Fall Convocation Address Outlines Steps for Success

BETHANY, W.Va. – Bethany College officially opened the 2019-2020 academic year during its annual Fall Convocation on Thursday, Sept. 12, in Commencement Hall.

Elizabeth McClanahan Fall Convocation SpeakerThe event featured an address by Elizabeth McClanahan, dean of the Appalachian School of Law in Grundy, Va., and the recognition of outstanding achievements by Bethany faculty, students, and staff.

In her opening remarks, Bethany College President Tamara Nichols Rodenberg welcomed students, faculty, and staff back to campus. The theme for the year is “One Team, One Tradition, One Bethany.”

She also announced that on Thursday morning she and McClanahan signed a 3-3 articulation that would allow a student to complete three years of undergraduate work at Bethany and three years of legal courses at Appalachian School of Law. The student would receive both a bachelor’s degree and a law degree in six years.

In her address, McClanahan, who recently retired as a justice from the Supreme Court of Virginia, encouraged students in their individual pursuits.

She acknowledged that some Bethany students have a clear picture of where there future will lead, while others aren’t quite as sure.

“Remain flexible,” McClanahan said. “Know that there will be surprises and unplanned events, and live through them one day at a time. As for unplanned events, I know them all too well.”

Fall ConvocationIn 2006, she was diagnosed with breast cancer. She said waiting for information on her diagnosis and treatment were some of the toughest times of her life. Almost 13 years later, she is cancer free.

But her diagnosis taught her the importance of the 72-hour rule. The rule refers to what she called her magic number – the amount of time that passed after her chemo at which point she could set aside the pain and anger she felt.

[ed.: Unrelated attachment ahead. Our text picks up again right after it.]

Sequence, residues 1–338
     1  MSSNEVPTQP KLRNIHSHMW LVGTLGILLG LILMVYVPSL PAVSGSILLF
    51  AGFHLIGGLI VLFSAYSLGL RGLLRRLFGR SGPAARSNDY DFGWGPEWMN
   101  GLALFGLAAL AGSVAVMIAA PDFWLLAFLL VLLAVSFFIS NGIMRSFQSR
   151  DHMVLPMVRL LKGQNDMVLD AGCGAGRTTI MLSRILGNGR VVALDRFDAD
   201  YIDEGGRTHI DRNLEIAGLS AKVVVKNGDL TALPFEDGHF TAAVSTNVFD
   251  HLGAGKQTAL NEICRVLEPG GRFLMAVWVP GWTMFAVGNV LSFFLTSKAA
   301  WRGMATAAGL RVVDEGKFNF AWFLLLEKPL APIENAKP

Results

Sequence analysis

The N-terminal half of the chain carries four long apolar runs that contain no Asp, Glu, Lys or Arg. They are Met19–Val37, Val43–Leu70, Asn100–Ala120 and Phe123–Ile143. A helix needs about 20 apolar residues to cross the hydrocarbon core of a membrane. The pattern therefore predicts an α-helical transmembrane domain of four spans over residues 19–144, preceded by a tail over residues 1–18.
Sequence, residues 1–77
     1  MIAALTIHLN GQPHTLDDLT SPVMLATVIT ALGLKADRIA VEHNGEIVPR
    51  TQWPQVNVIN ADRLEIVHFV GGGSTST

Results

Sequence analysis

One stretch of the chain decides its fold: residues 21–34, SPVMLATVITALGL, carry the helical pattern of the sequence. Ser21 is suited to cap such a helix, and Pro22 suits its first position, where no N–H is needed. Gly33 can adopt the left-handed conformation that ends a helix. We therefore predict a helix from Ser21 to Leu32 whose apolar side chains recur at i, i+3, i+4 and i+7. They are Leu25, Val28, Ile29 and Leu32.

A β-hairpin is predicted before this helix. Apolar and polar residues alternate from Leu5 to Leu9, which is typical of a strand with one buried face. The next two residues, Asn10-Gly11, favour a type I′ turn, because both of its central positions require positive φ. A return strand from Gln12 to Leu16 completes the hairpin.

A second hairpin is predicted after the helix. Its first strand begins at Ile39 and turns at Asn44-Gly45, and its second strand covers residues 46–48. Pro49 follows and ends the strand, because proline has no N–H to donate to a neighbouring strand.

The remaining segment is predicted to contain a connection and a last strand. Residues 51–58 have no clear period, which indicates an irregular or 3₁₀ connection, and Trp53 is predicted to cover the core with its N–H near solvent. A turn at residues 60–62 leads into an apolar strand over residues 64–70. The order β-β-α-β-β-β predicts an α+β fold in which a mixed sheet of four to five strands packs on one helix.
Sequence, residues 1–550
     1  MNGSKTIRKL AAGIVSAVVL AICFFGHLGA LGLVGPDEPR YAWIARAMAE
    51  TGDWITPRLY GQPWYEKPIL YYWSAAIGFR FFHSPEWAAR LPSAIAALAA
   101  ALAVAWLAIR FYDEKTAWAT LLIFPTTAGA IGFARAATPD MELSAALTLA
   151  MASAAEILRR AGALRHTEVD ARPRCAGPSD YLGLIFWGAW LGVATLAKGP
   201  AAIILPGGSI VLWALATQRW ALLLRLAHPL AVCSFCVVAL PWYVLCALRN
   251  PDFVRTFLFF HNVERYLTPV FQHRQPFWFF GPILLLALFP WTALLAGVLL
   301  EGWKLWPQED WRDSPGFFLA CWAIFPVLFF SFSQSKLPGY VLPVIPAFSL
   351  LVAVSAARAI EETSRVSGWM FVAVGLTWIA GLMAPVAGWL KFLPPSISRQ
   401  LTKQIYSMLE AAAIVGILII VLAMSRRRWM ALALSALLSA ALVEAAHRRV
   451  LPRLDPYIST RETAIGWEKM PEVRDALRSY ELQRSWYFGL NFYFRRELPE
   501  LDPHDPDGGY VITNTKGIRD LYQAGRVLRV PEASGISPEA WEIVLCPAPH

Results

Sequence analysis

“I wasn’t completely better after 72 hours, but at least I wasn’t getting worse and I could look at life a bit differently,” she said.

The 72-hour rule is applicable in many situations, she said.

“After a disappointment, a bad grade, or friend who betrays you, if you wait 72 hours before you post that Instagram message or tweet your views on the matter, you will often find that your perspective has changed drastically,” she said. “There’s absolutely no advantage to sending a hastened response when you are hurt, angry, or disappointed.”

When the tough times arise, she encouraged students to guide their lives according to the “Three Gs”: Be grateful, give, and set goals.

“These ‘Three Gs’ form together like a simple mathematical equation,” she said. “It’s as easy as A plus B equals C. When you are grateful for those who have strengthened you and you give back to those who have loved and supported you, you will achieve your goals.”

Fall Convocation was also a time for Bethany to recognize individual achievements.

Rodenberg presented three faculty and staff members with special awards recognizing their contributions to the college.

Katherine Shelek-Furbee, associate provost, professor, and social work program director and chair, received the John R. Taylor Memorial Award in Liberal Arts. The award is named in memory of John R. Taylor, ’44, an emeritus professor of English at Bethany.

Dr. Diane Snyder, assistant professor of psychology, and Becky Pauls, director of enrollment, received Presidential Awards of Excellence.

Vice President of Student Life and Dean of Students Gerald Stebbins announced the recipients of the Anna Ruth Bourne Award, the W. Kirk Woolery Award and the Richard B. Kenney Freshman Leadership Award.

Fall Convocation SGAAlpha Xi Delta received the Bourne Award, which is given each semester to the women’s social group maintaining the highest scholastic standing. Beta Theta Pi received the Woolery Award, which honors the men’s social group with the same achievement.

The annual Richard B. Kenney Freshman Leadership Award recognizes a sophomore who has demonstrated outstanding scholarship, leadership, and character at Bethany during his or her freshman year.

Allison Paxton, a sophomore psychology major from Canonsburg, Pa., is the 2019 recipient. She is the organizer of the recent Special Olympics Field Day on campus.

Paxton also installed the Student Government Association leadership: Reed D. Long as president and Hunter D. Bowman as vice president.

Watch Fall Convocation in its entirety here.

ABOUT BETHANY COLLEGE

Bethany College, founded in 1840, is the oldest private college in West Virginia. The Bethany experience focuses on academic excellence in the area of liberal arts and prepares students for a lifetime of work and a life of significance.

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